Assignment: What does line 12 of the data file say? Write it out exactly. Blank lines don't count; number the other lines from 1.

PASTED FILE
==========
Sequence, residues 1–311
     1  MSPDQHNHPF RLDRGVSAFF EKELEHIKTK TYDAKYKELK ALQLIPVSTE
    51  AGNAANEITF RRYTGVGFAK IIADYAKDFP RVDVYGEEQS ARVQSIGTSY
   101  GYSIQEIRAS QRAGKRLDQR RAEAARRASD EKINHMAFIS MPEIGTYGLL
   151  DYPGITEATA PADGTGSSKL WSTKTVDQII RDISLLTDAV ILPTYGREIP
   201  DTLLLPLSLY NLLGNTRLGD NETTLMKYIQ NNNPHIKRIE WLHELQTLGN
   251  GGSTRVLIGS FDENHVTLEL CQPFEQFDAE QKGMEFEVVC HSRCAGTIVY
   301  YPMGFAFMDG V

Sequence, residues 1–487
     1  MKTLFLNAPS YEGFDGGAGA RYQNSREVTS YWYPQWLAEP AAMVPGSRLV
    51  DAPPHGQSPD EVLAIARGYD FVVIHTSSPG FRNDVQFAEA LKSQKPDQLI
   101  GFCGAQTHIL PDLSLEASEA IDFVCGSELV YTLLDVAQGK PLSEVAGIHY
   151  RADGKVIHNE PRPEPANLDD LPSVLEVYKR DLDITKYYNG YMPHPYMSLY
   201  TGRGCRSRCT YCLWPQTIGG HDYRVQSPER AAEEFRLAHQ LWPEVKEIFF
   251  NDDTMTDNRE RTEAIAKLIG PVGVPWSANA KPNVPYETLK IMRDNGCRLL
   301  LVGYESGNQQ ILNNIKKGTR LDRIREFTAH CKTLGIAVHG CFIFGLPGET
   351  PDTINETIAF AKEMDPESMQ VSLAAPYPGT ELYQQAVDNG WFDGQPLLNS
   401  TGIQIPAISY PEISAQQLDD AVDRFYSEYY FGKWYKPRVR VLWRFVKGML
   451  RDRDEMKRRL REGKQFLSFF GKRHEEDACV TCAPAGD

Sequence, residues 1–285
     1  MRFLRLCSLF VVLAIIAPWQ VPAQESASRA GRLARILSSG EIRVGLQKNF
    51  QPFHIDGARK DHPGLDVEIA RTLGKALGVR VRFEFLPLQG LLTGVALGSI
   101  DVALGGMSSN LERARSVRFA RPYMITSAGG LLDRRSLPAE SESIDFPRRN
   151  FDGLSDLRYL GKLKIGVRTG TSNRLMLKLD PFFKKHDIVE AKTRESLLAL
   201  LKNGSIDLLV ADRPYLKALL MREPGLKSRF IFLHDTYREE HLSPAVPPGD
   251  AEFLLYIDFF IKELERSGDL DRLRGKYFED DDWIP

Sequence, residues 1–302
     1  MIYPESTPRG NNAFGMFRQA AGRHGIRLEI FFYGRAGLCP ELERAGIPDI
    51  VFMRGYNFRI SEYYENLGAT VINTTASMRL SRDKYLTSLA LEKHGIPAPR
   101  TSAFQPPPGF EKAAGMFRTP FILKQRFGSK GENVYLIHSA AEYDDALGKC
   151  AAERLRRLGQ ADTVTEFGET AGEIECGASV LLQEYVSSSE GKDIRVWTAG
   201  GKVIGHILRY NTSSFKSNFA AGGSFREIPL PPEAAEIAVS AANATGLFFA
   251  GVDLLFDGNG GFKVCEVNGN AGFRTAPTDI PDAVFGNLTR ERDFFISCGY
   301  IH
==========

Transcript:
   101  GFCGAQTHIL PDLSLEASEA IDFVCGSELV YTLLDVAQGK PLSEVAGIHY